At the Detroit ROADSHOW event in June 2013, Ted Trotta appraised this wooden Alaskan Eskimo piece, formed in the image of a seal and possibly used by a hunter as a snuff container, which reflected the indwelling spirit of the seal. The seal is "very likely what the hunter was looking for," Trotta explained, "and in a curious twist of fate, the seal's energy or inner powers are helping the hunter find the seal." In addition, the piece functioned as a small finger mask; it would have had feathers attached that would flutter when worn. This particular example is missing the feathers, though the light and durable northern cedar is still in good condition. Ted placed a retail value of $8,500 on the piece.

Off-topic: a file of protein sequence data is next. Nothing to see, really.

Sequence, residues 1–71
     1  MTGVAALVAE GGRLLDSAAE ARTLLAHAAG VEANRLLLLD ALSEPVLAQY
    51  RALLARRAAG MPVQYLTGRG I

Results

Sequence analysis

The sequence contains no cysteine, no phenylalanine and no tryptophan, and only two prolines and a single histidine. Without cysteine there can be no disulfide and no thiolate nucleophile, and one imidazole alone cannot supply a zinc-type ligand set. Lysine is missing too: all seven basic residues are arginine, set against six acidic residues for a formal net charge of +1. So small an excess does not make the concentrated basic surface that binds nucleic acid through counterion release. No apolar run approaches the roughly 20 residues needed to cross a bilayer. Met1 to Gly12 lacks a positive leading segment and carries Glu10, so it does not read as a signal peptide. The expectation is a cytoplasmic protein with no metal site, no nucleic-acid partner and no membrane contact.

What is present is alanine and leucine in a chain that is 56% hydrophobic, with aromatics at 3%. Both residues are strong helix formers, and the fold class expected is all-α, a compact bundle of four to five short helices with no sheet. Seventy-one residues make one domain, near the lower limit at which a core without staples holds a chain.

A Full-Fledged Finger Mask
According to Trotta, these Yup’ik dance fans from Alaska show what the one brought in to Detroit would look like when fully decorated. These particular ones are made of wood, duck tail feathers, snowy owl feathers, and caribou fur, as well as some pigment.
Image provided by Ted Trotta from "Art of the North American Indians: The Thaw Collection" from the Fenimore Art Museum, Cooperstown, New York.